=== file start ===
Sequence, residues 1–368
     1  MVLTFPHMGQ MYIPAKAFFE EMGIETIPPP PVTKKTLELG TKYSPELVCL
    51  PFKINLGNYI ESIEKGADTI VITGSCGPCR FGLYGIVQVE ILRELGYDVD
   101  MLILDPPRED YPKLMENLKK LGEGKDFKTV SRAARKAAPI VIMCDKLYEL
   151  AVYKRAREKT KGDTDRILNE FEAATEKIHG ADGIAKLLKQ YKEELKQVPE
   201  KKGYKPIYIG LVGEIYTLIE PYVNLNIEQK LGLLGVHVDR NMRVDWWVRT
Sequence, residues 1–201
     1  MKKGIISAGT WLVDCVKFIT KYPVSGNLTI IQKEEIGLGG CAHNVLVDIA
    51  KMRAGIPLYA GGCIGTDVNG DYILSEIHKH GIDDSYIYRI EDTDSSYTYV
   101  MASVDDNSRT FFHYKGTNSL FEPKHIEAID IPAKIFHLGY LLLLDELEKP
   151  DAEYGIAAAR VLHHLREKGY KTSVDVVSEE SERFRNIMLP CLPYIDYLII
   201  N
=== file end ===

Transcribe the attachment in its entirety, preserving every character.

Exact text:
Sequence, residues 1–368
     1  MVLTFPHMGQ MYIPAKAFFE EMGIETIPPP PVTKKTLELG TKYSPELVCL
    51  PFKINLGNYI ESIEKGADTI VITGSCGPCR FGLYGIVQVE ILRELGYDVD
   101  MLILDPPRED YPKLMENLKK LGEGKDFKTV SRAARKAAPI VIMCDKLYEL
   151  AVYKRAREKT KGDTDRILNE FEAATEKIHG ADGIAKLLKQ YKEELKQVPE
   201  KKGYKPIYIG LVGEIYTLIE PYVNLNIEQK LGLLGVHVDR NMRVDWWVRT
Sequence, residues 1–201
     1  MKKGIISAGT WLVDCVKFIT KYPVSGNLTI IQKEEIGLGG CAHNVLVDIA
    51  KMRAGIPLYA GGCIGTDVNG DYILSEIHKH GIDDSYIYRI EDTDSSYTYV
   101  MASVDDNSRT FFHYKGTNSL FEPKHIEAID IPAKIFHLGY LLLLDELEKP
   151  DAEYGIAAAR VLHHLREKGY KTSVDVVSEE SERFRNIMLP CLPYIDYLII
   201  N